WoT performance scaling with RAM speed – benchmarked (now with iGPU)

Source: Folterknecht, WoTLabs (thanks for emailing me!)


To answer that question I spend several hours yesterday testing that out. The sytem used was as follows:

  • Win7 Pro 64bit SP1 running from an SSD (Samsung 830 Pro 512GB)
  • WoT 0.9.10 was also installed on the same SSD. Using the SD client
  • Nvidia 355.98 Driver
  • i5 3570K @4GHz (40x 100MHz)
  • 2x 4GB DDR3 1866 MHz  9-10-9-28 1T G.SKILL SNIPER
  • ASRock Z77 Professional
  • GTX960 2GB running at constant 1455 MHz core and 1753 MHz memory speed. VRAM usage between 1 – 1.2 GB

ingame graphic settings


RAM and CPU settings were dialed in via BIOS, the system was started running MSI Afterburner (for ingame monitoring) and CPU-Z to make sure all BIOS settings are applied correctly. After that the replay (attached) is run and XVM was outputting a dataset for each benchmark run containing around 3430 data points (one every 0.1sec) listing the current FPS. After the replay was over the system was restarted and the process repeated 3 times for every RAM setting except 2000MHz, there I only made one run. The 3 results for avg, min and max FPS for each speed where averaged.

2133 MHz isn’t possible with the combination of my RAM and motherboard, they top out around 2080 MHz .For 2080 MHz RAM speed I would have to use a differenct BCKL and Multi, making the resulting numbers nearly irrelevant anyway for this comparison, because I can’t hit excatly 4 GHz CPU speed that way.

The result? No real suprise there, WoT does not scale with RAM speed:

2x 4GB DDR3 1333 CL9-9-9-24 2x 4GB DDR3 1600 CL9-9-9-24 1T 2x 4GB DDR3 1866 CL9-10-9-28 1T DDR3 2000 CL10-11-10-32 1T
Avg 1. run 67,5 67,5 67,7 67,7
Avg 2. run 67,4 67,7 67,7
Avg 3. run 67,6 67,7 67,9
Min 1. run 47,5 46,9 47,3 47,2
Min 2. run 46,8 47,3 46,8
Min 3. run 47,3 46,9 46,8
Max 1. run 93,3 94,3 94,3 93,5
Max 2. run 92,8 92,9 94,7
Max 3. run 93,5 92,3 96,0
AVG 67,5 67,6 67,8
MIN 47,2 47,0 47,0
MAX 93,2 94,3 95

Are there other things to learn here? Well ofc there is still the question to be answered, if that also applies to playing WoT on an integrated GPU, which I’m planning to do in the near future. I ‘ll also post my findings here.

Furthermore I highly recommend using more than 4GB of RAM on a 64bit OS for playing WoT. You can get by with 4GB, if you havn’t polluted your OS with all kind of nonsense running in the background and close all background tasks. But just keeping a browser with several tabs open can in combination with WoT exceed 4GB, which would lead to all kinds of OS-background activity involving your storage. This mainly effects HDD users, but we all know that WoT is sensitive in that regard.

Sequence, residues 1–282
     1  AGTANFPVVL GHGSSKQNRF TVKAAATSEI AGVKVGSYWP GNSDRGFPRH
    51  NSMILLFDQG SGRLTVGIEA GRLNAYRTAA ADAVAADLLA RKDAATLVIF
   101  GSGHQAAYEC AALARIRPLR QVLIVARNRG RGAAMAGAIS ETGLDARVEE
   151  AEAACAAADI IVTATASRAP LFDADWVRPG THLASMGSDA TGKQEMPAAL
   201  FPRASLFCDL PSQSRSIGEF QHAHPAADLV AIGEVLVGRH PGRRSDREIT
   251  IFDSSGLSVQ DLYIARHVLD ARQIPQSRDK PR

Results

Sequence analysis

Does more than 8 GB RAM help? Nope, not with playing WoT as long as you dont plan on creating a RAM Disk!

So when you go out and buy RAM it doesn’t matter if it’s 1333 or 2133 MHz – for WoT using a dedicated graphic card with at least 2GB VRAM!  But the prices in the US/CA and the EU are more or less the same from 1333 MHz to 1866 MHz (sometimes even 2133 MHz on sale), so I ‘d go for the faster RAM (1st) with the lowest timings (2nd – CL numbers), as there are applications and games where RAM makes a difference, though “relative small”. Just make sure you buy enough capacity and use kits with 2 or 4 modules (3 for trippel channel board like X58 and X79), for the benefits of dual/trippel channel (0-5% performance advantage over single channel).



Update – Integrated Graphics (iGPU – HD4000)

Ok, now we ‘ll be looking at the iGPU performance of the HD4000 in my i3570K. Hardware, software and methodology were the same as with the GTX960 installed. The HD4000 wasn’t overclocked and the BIOS settings were also the same as with my dGPU. The only additional BIOS setting worth mentioning was 1024MB of shared memory.

Ofc the ingame settings had to be adjusted – I switched back to the old render (standard graphic)

That had the following optical results

2x 4GB DDR3 1333 CL9-9-9-24 2x 4GB DDR3 1600 CL9-9-9-24 1T 2x 4GB DDR3 1866 CL9-10-9-28 1T DDR3 2000 CL10-11-10-32 1T
Avg 1 45,9 48,7 50,1 50,0
Avg 2 45,9 48,6 50,0
Avg 3 46,1 48,6 49,8 50,0
Min 1 28,3 30,2 31,2 32,3
Min 2 29,3 31,7 30,8
Min 3 30,1 30,9 32,2 32,0
Max 1 73,7 79,0 82,0 81,2
Max 2 72,2 79,2 81,2
Max 3 73,4 78,5 81,0 81,6
AVG 46,0 48,6 50,0
MIN 29,2 30,9 31,4
MAX 73,1 78,9 81,4

Again I made a few runs with 2000MHz RAM speed. This time though the results show something thats worth remembering – higher timings counteract the higher speed to a degree. The increase in performance isn’t that great*.

Puting the 2000 MHz results to the side, we see a performance gain of slightly above 5.5% for avg and min FPS stepping up from 1333 to 1600 MHz. The jump from 1333 to 1866 MHz brings a 8.7% plus for avg FPS and +7.5% for min FPS.

So for little to no price increase we get a decent increase in avg and min FPS in case of an iGPU – not bad. The performance plus for AMDs APUs is even bigger in many games.

*You get get a rough idea of how fast a RAM kit is compared to offers from different vendors or even the same manufacturer by calculating the so called performance index number. I stumbled above this handy little trick in an article by Dr. Ian Cutress from Anandtech. This works as follows:

Divide the speed number of your memory Kit for example 1333 MHz by the timings. In our case its CL 9.

1333/9 ~ 148

Now do the same for the memory kit you want to compare it to (stay within DDR3)  – for example

2133/12 ~ 178

As you can clearly see 178 > 148 and therefor in most cases the kit DDR3 kit with 2133 MHz and CL12 will be faster than the 1333 MHz CL9 kit.